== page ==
Description: The goal of this assignment is to get students to engage with local NYC museums and/or one of their online exhibitions. The paper also provides an opportunity to learn about an artist/culture/artwork who we otherwise do not study in this course. Students will use their skills of visual analysis to formally analyze ONE art object in a short, well-organized, essay. There is no research required for this assignment – instead students will use their eyes to describe an artwork in terms of its visual qualities of composition, color, shape, line, light, shading, depth and texture.
• 1.5 to 3 typed pages
• Times or Arial, black, size 12 font, double spaced
• Word (.doc) document preferred
Directions: First, decide whether you would like to visit a museum in person, view an outdoor sculpture, or explore an online exhibition. Once you have selected one of those options below, visit the in-person or virtual exhibit of your choice, then pick ONE of the art works listed for your formal analysis. Because this assignment requires no research, your formal analysis must be written entirely in your own words.
Option #3: Take a virtual tour of the Frick Collection online (or visit the Frick in person if you prefer.) Then choose ONE of the following paintings to write about.
Link to virtual tour: https://www.frick.org/visit/virtual_tour/living_hall
• Bellini, St. Francis in the Desert, 1476 (in the Living Hall)
• Fragonard, The Progress of Love: The Meeting, 1771 (in the Fragonard Room)
• Vermeer, Officer and Laughing Girl, 1657 (in the South Hall)
• El Greco, Purification of the Temple, 1600 (in the East Gallery)
• Goya, The Forge, 1815 (in the East Gallery)
• Manet, The Bull Fight, 1864 (in the East Gallery)
• Turner, Harbor of Dieppe, 1826 (in the West Gallery)
• Rembrandt, Nicolaes Ruts, 1631 (in the West Gallery)
HOW TO DO A FORMAL ANALYSIS:
Formal analysis basically involves describing what you see in proper art historical vocabulary. You will be discussing the form, or visual characteristics of the work, instead of its content, i.e., the subject matter, what the work is about. Ask yourself – how does the artist choose to represent their subject? Do these choices affect the overall mood or atmosphere of the composition?
Below is a list of topics to consider when studying the work – you do not need to answer all of them, and not all of them will make sense for every artwork. Do not answer these questions in list form; the essay should be organized like a formal paper with clear paragraphs, an introduction and a conclusion. There is no research required – just use your eyes and join it with what you have learned this semester!
• NATURALISM/REALISM/IDEALISM/ABSTRACTION: Describe what you see in the artwork. Are there recognizable figures and objects? Is it a naturalistic representation of these objects? Or is it partially or completely abstract? Does the artist use correct proportions and are all the objects to scale? Are the figures realistic or idealized? Does the artist use a lot of details, or not?
• COMPOSITION: How does the artist arrange the depicted shapes, objects, figures etc. on the canvas/ or in space? Is it well-balanced? Is the composition symmetrical? Do the different elements of the painting come together as a united whole? Does the artist emphasize certain parts of the composition over others? Where is your eye directed and how does the artist achieve that (lines, gazes, gestures, vanishing point, color, etc…)? Does the artist use elements of repetition, pattern or rhythm in the composition? Does the object seem static or is there a sense of movement to it?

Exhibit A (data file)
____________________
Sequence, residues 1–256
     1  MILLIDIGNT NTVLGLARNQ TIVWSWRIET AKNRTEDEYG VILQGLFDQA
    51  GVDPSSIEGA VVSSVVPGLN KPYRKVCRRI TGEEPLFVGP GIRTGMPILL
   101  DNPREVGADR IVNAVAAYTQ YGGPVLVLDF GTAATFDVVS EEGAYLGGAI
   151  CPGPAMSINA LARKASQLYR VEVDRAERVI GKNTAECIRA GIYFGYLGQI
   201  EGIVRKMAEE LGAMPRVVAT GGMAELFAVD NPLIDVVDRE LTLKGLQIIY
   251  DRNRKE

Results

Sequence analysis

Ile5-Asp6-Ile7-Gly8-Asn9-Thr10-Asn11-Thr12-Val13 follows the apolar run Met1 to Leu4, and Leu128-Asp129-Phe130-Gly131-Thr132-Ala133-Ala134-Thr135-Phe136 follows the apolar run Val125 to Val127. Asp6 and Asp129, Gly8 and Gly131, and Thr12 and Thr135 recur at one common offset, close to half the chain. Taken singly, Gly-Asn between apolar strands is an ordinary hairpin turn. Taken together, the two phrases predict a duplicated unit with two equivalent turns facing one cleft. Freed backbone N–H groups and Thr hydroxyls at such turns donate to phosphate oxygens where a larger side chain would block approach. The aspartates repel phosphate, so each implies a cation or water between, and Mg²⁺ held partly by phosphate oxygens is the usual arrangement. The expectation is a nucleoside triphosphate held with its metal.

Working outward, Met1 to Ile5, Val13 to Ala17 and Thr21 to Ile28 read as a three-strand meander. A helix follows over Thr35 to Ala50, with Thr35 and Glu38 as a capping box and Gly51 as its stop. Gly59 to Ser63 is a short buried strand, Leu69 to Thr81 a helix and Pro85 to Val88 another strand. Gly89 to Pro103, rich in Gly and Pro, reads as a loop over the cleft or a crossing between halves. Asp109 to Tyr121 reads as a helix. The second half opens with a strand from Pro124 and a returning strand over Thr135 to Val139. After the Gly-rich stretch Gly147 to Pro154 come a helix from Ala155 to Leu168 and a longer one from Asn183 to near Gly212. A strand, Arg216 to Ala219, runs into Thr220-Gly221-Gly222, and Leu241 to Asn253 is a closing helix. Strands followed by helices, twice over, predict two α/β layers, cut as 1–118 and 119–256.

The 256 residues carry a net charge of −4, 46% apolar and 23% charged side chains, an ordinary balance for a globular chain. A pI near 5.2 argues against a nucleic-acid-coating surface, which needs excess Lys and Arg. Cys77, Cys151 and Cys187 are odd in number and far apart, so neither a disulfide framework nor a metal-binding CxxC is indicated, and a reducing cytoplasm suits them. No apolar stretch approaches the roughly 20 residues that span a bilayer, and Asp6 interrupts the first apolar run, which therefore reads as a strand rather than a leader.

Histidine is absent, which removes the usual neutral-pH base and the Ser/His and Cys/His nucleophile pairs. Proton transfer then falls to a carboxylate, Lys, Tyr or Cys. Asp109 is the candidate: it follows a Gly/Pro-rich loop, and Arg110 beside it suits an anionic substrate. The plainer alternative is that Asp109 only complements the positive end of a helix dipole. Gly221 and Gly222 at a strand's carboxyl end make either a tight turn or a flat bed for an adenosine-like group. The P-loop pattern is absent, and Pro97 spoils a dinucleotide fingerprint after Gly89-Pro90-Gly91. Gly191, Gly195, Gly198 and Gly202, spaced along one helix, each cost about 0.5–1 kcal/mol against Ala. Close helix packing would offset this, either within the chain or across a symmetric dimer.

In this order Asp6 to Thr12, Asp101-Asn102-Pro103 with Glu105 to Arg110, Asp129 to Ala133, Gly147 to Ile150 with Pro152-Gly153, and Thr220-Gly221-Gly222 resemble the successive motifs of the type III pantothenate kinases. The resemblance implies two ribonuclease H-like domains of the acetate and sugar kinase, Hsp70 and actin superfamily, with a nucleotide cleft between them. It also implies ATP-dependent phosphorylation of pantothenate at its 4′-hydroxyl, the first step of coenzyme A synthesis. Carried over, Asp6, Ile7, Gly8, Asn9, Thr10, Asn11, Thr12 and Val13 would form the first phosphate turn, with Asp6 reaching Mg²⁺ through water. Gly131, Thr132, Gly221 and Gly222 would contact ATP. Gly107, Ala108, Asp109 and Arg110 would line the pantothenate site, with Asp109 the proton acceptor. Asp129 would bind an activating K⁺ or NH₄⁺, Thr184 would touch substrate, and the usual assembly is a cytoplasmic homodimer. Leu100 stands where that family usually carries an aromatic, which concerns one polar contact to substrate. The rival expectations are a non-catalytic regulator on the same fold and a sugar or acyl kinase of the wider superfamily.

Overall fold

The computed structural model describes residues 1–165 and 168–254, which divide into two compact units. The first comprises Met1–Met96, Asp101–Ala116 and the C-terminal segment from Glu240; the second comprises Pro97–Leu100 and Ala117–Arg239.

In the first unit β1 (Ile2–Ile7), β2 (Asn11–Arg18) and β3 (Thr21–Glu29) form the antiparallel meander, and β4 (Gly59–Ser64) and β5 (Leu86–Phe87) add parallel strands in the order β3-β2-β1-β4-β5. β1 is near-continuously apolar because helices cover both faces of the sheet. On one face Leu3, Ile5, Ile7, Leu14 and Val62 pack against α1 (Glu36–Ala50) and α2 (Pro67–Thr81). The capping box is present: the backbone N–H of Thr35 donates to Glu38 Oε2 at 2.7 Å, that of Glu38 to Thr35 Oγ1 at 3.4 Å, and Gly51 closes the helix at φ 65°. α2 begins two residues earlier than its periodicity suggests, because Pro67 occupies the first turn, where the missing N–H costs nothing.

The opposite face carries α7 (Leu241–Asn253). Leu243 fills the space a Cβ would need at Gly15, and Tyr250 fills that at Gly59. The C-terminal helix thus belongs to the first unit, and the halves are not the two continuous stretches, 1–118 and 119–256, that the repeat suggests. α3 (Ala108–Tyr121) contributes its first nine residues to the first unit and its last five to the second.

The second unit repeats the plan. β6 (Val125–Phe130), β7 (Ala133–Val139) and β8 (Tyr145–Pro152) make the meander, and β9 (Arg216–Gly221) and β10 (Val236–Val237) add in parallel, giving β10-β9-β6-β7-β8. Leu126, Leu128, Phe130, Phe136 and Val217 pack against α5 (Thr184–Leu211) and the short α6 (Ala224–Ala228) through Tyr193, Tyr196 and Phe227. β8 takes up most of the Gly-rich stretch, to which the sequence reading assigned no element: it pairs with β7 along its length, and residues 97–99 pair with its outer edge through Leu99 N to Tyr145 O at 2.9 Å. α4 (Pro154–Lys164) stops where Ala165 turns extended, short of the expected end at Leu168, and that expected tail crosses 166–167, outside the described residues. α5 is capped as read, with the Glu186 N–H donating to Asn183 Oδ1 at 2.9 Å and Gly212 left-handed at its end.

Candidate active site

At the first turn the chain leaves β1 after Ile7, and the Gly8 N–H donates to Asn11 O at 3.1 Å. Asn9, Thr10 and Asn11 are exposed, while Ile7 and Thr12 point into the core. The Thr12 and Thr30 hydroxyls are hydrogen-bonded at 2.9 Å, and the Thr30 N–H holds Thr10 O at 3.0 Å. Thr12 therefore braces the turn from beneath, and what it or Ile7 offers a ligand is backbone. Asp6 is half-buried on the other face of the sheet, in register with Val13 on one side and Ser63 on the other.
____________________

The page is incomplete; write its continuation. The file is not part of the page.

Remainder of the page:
• COLOR: How does the artists use color? Is it a limited color palette (consisting of only a few colors) or is there a wide range of tones used? Discuss the value of the colors, i.e., are they bright or dark, or pale or harsh? Does the artist use primary or complimentary colors? Does the artist use color to emphasize certain elements over others? Does the artist mix pigments, or is each shape painted a different color?
• LINE: Consider depicted lines as well as invisible lines used during the composition stage. What type of lines dominate the composition: horizontal/vertical lines, curving lines, diagonal lines, organic lines? Does the artist outline the objects with strong contour line? Are the lines thick or thin?
• SHAPE/VOLUME: What shapes do you see in the artwork, and how does the artists create those shapes? Consider not only depicted shapes, but invisible/implied shapes used during the composition stage. Are the shapes natural and organic, or geometric? If it is a sculptural object: how does the artist use volume and areas of negative space? Does the sculptor consider the work from every angle, or is there an emphasis on a particular viewpoint?
• LIGHT/SHADOW: Describe how the artist uses light and shadow. Is the lighting/shading naturalistic? Are the transitions between areas of light and shadow smooth, or are their harsh contrasts between light and shade? If it is a painting: is there a recognizable light source coming from one direction, or is the light evenly diffused across the painting? If it is a sculpture or three-dimensional object: what areas does the light hit, and which areas are in shadow? Is it shiny or matte?
• DEPTH/SPACE: Is there a naturalistic depiction of three-dimensional depth? Does the artist use perspective? Is there a clear foreground, middle-ground and background? Is there deep recession into space, or is the suggested space very shallow?
• TEXTURE: Describe the surface of the object: is it smooth and well-polished, or bumpy and rough? If it is a painting, are the brushstrokes visible or hidden? Is the paint applied thickly, so it piles up on the surface, or is it applied in in thin, even layers?
For more information on Online Exhibitions read this: https://en.wikipedia.org/wiki/Online_exhibition
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